Jean-Pierre Cotard - 2001
The method used to obtain a sample of urine has a significant influence on subsequent analysis. In domestic carnivores, three sampling methods are usually used:
- Spontaneous Sampling
- Urethral Catheterization
The advantages and drawbacks of each method are discussed below.
1. Spontaneous Sampling
This is certainly the easiest method. Unfortunately, the passage of urine through the uro-genital track leads to contamination and, thus, limits the number of tests which can be reliably performed. Assessment of proteins or cytobacteriological examinations, for example, can be more difficult with this method.
Although this method often has to be rejected by the veterinarian, it can still be used to follow up certain diseases. For example, spontaneous sampling is useful for monitoring glucosuria, ketonuria or proteinuria, once formally identified by other sampling techniques. In this case, it is preferable to use urine sampled in the middle of urination (midstream clean catch).
2. Urethral Catheterization
This technique is simple, but certain precautions are necessary to facilitate interpretation of results. The catheterization must be carried out abiding by the basic rules of asepsis: sterile catheter and local disinfection of the preputial region in males and the perineal and vulval region in females. These precautions are essential to avoid bacterial contamination of the bladder and to allow correct interpretation of cytobacteriological findings. With catheterization, it is recommended to discard the initial urine withdrawn (to avoid contamination of the sample with bacteria and cells from lower urinary tract) and to use the following sample withdrawn.
Urinary catheterization has to be carried out without trauma to the animal. Urinary blood and protein tests are extremely sensitive and calorimetric methods can easily provide misleading results. This method is not suitable for very nervous or very small animals for which cystocentesis is preferable.
This method is not used frequently in Europe, although it is certainly the best way to sample urine for laboratory analysis. Before puncturing the bladder through the abdominal wall, it is important to check its size. A half-empty bladder may not facilitate sampling. If the animal is obese, it can also be difficult to palpate the bladder. The animal is positioned on its back or side and the zone over the bladder should be shaved and disinfected.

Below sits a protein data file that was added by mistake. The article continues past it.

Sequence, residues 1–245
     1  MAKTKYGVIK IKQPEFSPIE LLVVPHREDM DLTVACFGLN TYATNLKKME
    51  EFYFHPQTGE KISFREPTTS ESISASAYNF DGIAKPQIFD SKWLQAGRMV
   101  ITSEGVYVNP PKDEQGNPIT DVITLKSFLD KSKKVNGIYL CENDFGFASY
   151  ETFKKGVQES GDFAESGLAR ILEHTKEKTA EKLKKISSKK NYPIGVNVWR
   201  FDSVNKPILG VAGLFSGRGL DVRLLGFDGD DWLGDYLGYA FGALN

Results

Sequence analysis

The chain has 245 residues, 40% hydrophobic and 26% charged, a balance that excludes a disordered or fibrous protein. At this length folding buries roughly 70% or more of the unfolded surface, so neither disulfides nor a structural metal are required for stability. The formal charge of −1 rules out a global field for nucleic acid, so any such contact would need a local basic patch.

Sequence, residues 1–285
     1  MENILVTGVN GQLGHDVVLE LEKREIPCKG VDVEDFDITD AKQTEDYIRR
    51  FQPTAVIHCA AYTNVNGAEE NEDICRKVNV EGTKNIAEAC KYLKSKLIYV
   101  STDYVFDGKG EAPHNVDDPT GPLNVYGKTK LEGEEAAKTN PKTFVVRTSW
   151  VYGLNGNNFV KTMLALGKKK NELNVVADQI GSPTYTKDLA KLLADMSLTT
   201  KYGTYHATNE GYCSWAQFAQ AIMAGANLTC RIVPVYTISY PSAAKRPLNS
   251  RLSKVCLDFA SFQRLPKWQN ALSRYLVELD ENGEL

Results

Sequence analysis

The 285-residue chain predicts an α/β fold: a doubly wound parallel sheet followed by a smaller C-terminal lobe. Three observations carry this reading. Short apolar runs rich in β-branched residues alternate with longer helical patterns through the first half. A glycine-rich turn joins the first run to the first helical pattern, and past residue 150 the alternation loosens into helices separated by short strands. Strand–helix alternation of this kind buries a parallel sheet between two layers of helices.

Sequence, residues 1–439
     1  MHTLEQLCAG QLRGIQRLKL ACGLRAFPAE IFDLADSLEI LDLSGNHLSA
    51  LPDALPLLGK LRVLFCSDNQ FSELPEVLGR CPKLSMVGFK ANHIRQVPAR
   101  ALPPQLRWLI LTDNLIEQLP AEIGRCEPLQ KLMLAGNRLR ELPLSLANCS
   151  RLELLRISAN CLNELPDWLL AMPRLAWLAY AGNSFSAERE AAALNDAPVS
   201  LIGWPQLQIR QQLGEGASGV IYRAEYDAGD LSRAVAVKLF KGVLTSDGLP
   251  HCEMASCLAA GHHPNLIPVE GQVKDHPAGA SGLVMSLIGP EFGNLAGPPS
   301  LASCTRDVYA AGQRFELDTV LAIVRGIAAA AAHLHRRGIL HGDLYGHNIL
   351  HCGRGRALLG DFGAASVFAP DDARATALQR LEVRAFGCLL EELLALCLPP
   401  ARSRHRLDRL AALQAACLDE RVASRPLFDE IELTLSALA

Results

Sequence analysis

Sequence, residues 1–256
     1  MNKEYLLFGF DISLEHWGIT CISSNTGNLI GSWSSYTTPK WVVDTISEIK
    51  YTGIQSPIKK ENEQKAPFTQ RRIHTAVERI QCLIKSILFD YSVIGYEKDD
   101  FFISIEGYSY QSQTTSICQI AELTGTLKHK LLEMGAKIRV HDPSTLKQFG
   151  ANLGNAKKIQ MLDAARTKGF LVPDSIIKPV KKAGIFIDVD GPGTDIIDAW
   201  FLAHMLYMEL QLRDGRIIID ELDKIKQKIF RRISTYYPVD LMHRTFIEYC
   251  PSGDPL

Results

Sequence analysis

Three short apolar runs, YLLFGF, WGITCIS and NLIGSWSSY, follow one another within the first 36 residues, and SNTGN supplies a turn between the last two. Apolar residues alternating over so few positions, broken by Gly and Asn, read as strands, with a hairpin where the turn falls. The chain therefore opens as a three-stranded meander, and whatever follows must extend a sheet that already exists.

The operator palpates and immobilizes the bladder with one hand. With the other hand, a fine needle (23 gauge, 5/8" long for cats) is introduced at an angle of 45° from the front to the back towards the neck of the bladder.
The advantage of this method is that it avoids any risk of urine contamination by blood or bacteria, making it the method of choice if sediment examination, estimation of proteinuria or bacterial culture of the urine is required.
In addition, this method can be used to relieve urethral obstruction when catheterization is not suitable. The only risk is if an unskillful operator punctures the intestines or other organs, confusing them with the bladder. If ultrasonography is available, cystocentesis can be easily performed.
If the animal is not cooperative, light sedation may be necessary.
Handling of Samples
Biochemical, bacteriological or cytological examinations have to be carried out as soon as possible. In practice, if the examination is done immediately, no preparation is necessary. However, certain precautions have to be taken if the examination has to be postponed for a few hours.
Urine can be preserved at 4° C for some hours but it is important to let the sample reach room temperature before carrying out the analysis. This procedure can, however, alter the cells present in the urine and lead to crystal formation or dissolution. Deep-frozen urine does not allow cytological examinations, but is suitable for biochemical tests, with the exception of certain enzymatic activities such as gamma glutamyltranspeptidase.
The use of a urine preservative agent is possible, but may interfere with subsequent analysis and the risk of handling certain toxic products (e.g., toluene) has to be considered. Toluene, formalin and boric acid can be used as preservatives.
Chemical analyses are possible with toluene. Formalin is mainly used for the examination of urinary sediments. Boric acid is the medium of choice to perform a bacteriological examination for up to four days. In addition, it preserves cells and crystals and allows biochemical analysis and pH determination in the majority of the cases.
To analyze urine, the minimal equipment required is:
- a refractometer to measure specific gravity
- urine dipsticks
- a microscope
- a centrifuge